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Lobulated esophageal schwannoma resected with concurrent approach from the thorax and cervix

  • Yoshinori Iwata1Email author,
  • Chihiro Tanaka1,
  • Shuji Komori1,
  • Narutoshi Nagao1,
  • Masahiko Kawai1,
  • Kazuhiro Yoshida2 and
  • Katsuyuki Kunieda1
World Journal of Surgical Oncology201816:29

https://doi.org/10.1186/s12957-018-1334-5

Received: 30 July 2017

Accepted: 5 February 2018

Published: 13 February 2018

Abstract

Background

Esophageal schwannomas are rare esophageal submucosal tumors. We herein report a case of a lobulated esophageal schwannoma resected with concurrent approach from the thorax and cervix.

Case presentation

A 74-year-old woman visited our hospital with complaint of loss of consciousness, and a lobulated mediastinal tumor was discovered by chance in computed tomography. Upper gastrointestinal endoscopy showed a smooth elevated lesion at a position of 23–28 cm from the incisor teeth. A hypermetabolic appearance was noted on positron emission tomography. Based on these data, a gastrointestinal stromal tumor was suspected. The tumor was enucleated at the thoracic cavity while being pushed from the cervical incision. Pathological examination showed an esophageal schwannoma.

Conclusions

We experienced a case of lobulated esophageal schwannoma with fluorodeoxyglucose accumulation. We resected the tumor with concurrent approach from the thorax and cervix.

Keywords

Esophageal schwannomaEsophageal submucosal tumorMediastinal tumorPositron emission tomographyThoracotomy

Background

Most esophageal tumors are cancer including squamous cell carcinoma and adenocarcinoma, and benign tumors are less than 1% of all esophageal tumors [1]. Leiomyoma is more than half of all benign esophageal tumors, and schwannoma is rare [1, 2]. The most common treatment for esophageal submucosal tumor is enucleation by surgery or endoscopy [3]. Recently, the cases of esophageal submucosal tumor resected by thoracoscopy have increased [4]. But the most important point in surgery is safety and curability, so we have to select which approach is better thoracoscopy surgery or thoracotomy by size of the tumor. We herein experienced a case of esophageal schwannoma resected with concurrent approach from the thorax and cervix.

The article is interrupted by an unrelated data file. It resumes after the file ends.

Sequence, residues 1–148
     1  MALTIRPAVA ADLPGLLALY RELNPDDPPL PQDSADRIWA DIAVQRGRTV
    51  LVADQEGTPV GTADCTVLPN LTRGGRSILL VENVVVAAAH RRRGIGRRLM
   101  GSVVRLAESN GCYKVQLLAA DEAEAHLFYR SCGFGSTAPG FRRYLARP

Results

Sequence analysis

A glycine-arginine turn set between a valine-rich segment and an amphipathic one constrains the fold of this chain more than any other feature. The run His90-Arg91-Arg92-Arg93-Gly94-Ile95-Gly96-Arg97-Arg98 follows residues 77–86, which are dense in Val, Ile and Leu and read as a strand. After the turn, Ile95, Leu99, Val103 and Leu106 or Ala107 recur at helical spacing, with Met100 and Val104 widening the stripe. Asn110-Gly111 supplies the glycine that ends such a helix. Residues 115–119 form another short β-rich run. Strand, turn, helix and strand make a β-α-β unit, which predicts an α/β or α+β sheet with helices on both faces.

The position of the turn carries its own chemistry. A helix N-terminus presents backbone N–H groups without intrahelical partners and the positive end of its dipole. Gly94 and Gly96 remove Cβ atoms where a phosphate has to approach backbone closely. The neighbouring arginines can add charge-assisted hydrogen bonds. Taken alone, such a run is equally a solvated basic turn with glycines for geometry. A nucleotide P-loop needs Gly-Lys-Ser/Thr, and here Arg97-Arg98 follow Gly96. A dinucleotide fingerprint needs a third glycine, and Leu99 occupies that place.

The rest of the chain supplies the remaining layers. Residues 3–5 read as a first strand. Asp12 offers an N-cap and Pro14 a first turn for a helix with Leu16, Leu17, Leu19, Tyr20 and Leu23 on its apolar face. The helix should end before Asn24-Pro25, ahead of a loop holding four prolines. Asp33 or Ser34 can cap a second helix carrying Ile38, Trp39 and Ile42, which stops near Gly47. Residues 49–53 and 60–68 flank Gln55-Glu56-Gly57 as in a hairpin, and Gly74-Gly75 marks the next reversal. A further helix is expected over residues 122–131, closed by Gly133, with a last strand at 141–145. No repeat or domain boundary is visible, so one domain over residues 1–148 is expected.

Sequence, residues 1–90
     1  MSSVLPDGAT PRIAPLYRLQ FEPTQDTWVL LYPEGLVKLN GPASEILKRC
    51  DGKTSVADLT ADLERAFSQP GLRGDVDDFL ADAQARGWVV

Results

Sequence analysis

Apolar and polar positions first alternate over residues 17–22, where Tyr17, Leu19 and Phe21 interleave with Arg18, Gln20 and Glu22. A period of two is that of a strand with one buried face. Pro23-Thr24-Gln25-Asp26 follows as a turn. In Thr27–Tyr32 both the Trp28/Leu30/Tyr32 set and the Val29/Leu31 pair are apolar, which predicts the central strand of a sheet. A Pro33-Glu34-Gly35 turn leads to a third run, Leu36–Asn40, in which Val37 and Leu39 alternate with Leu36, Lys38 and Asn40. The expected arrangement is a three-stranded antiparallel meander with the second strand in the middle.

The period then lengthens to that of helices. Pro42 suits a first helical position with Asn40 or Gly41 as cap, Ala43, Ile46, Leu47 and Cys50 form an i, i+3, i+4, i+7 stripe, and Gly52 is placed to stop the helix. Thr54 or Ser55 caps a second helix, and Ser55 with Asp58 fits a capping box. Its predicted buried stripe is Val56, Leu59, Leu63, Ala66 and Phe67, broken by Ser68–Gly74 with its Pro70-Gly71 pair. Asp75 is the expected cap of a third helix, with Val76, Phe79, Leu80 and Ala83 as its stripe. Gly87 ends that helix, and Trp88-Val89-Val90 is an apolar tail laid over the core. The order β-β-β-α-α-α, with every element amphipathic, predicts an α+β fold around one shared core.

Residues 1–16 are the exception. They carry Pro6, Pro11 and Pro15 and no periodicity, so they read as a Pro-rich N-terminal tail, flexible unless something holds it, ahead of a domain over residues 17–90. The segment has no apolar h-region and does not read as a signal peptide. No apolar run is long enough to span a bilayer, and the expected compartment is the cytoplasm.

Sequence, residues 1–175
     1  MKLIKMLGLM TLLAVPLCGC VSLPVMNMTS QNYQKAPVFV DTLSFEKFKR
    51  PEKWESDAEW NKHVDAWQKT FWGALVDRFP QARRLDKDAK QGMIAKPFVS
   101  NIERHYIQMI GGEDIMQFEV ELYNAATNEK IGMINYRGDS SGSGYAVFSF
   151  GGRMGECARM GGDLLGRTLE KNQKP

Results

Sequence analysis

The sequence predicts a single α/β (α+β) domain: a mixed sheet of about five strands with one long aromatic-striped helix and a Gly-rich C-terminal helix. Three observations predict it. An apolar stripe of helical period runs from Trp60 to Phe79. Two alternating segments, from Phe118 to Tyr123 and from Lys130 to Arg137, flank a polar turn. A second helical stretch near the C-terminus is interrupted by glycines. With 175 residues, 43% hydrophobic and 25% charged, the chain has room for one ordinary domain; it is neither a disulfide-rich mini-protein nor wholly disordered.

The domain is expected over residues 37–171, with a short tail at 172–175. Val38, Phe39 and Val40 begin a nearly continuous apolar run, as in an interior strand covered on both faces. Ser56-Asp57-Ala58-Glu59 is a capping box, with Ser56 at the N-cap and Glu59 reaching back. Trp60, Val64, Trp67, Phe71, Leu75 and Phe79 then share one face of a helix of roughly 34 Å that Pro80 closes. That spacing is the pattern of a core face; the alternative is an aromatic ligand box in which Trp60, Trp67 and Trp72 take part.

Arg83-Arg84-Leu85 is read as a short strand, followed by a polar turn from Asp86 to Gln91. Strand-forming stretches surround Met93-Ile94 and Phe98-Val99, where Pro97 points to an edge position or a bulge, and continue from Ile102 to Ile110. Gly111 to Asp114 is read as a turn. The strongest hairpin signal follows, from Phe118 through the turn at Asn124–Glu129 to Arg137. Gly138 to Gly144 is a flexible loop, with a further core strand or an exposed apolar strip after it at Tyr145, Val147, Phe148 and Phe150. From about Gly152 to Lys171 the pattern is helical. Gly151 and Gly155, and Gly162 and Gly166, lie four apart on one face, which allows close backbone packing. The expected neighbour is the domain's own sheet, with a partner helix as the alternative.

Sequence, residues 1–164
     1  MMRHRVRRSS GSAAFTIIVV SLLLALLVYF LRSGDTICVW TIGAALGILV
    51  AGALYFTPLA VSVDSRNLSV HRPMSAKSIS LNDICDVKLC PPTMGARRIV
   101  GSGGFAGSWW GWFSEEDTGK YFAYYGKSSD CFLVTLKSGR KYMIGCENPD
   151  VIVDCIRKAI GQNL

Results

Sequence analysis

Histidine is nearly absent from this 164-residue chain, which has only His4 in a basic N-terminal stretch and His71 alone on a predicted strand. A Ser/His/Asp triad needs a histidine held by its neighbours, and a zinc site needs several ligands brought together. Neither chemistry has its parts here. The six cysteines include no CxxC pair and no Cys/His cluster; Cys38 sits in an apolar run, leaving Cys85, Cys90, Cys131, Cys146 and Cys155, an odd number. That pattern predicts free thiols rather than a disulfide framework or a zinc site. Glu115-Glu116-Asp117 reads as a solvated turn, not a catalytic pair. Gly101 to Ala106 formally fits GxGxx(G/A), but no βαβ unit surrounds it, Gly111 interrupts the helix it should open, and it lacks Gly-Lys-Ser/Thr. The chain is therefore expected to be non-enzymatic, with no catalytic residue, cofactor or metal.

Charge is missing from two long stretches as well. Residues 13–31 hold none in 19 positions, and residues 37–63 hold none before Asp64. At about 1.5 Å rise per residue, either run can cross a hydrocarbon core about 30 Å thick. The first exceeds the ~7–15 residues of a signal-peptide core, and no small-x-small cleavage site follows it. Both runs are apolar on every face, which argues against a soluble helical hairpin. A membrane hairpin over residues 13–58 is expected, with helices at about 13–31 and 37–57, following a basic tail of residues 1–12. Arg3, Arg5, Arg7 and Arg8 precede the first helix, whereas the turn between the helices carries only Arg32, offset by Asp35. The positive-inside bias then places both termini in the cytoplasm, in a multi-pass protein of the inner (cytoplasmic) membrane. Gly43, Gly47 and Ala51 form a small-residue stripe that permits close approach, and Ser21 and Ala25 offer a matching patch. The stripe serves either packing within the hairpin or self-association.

Case presentation

A 74-year-old woman visited our hospital with complaint of loss of consciousness, and a mediastinal tumor was discovered by chance in computed tomography (CT). A chest CT showed a lobulated tumor with a maximum diameter of 8 cm, which was located at upper mediastinum extending to cervix and was compressing the esophagus (Fig. 1a, b). Upper gastrointestinal endoscopy showed a smooth elevated lesion at a position of 23–28 cm from the incisor teeth (Fig. 2). Magnetic resonance imaging (MRI) showed uniformity and clear boundary tumor (Fig. 3a, b). A hypermetabolic appearance (maximum standardized uptake value, 15.0) was noted on positron emission tomography (PET) (Fig. 4). Based on these data, a gastrointestinal stromal tumor was suspected. The patient was placed in the left lateral position and underwent anterolateral thoracotomy via the sixth right intercostal space. At the same time, the skin incision was added in the right side of the cervix. The tumor was enucleated at the thoracic cavity while being pushed from the cervical incision (Fig. 5). The muscular layer of esophagus was repaired with sutures. The operation time was 245 min, and the blood loss was 551 g. The specimen showed a well-demarcated, elastic hard, and lobulated appearance and was measured 80 × 42 mm (Fig. 6a). The cut surface was almost uniformly pale yellow (Fig. 6b). Hematoxylin and eosin staining revealed spindle-shaped cells configuring plexiform proliferation (Fig. 7a). Immunohistochemical examination revealed S-100 protein positivity (Fig. 7b) and c-kit, α-smooth muscle actin, desmin, and CD34 negativity, establishing the diagnosis of esophageal schwannoma. The MIB-1 labeling index was < 10%. Her postoperative course was uneventful, and no recurrences have seen for 5 years after surgery.
Fig. 1

Computed tomography (CT). a, b A chest CT showed a lobulated mediastinum tumor extending to the cervix

Fig. 2

Upper gastrointestinal endoscopy. Upper gastrointestinal endoscopy showed a smooth elevated lesion

Fig. 3

Magnetic resonance imaging. a, b MRI showed uniformity and clear boundary tumor

Fig. 4

Positron emission tomography. Positron emission tomography showed hypermetabolic appearance

Fig. 5

Intraoperative picture. The tumor was pushed by the gauze inserted from cervical incision

Fig. 6

Surgical specimen. a The specimen showed a well-demarcated, elastic hard, and lobulated appearance and was measured 80 × 42 mm. b The cut surface was almost uniformly pale yellow

Fig. 7

Histopathological examination. a Hematoxylin and eosin staining revealed spindle-shaped cells configuring plexiform proliferation. b Immunohistochemical examination revealed S-100 protein positivity

Discussion